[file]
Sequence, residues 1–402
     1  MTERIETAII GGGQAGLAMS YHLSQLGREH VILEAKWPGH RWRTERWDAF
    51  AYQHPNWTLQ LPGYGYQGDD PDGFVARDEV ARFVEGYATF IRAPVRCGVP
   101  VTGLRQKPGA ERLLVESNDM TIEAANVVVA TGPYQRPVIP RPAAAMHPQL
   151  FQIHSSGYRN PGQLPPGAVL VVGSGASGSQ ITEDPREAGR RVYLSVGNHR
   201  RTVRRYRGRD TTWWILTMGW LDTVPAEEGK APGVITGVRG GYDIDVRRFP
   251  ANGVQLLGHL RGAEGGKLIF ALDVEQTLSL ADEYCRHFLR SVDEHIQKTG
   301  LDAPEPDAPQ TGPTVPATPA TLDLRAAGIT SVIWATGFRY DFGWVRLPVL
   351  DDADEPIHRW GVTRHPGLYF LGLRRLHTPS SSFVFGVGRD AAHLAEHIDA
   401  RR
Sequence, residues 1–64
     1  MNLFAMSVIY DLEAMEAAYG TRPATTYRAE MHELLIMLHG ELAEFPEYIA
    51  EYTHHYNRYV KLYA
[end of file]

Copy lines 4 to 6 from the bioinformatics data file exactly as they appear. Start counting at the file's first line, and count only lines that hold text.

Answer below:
   101  VTGLRQKPGA ERLLVESNDM TIEAANVVVA TGPYQRPVIP RPAAAMHPQL
   151  FQIHSSGYRN PGQLPPGAVL VVGSGASGSQ ITEDPREAGR RVYLSVGNHR
   201  RTVRRYRGRD TTWWILTMGW LDTVPAEEGK APGVITGVRG GYDIDVRRFP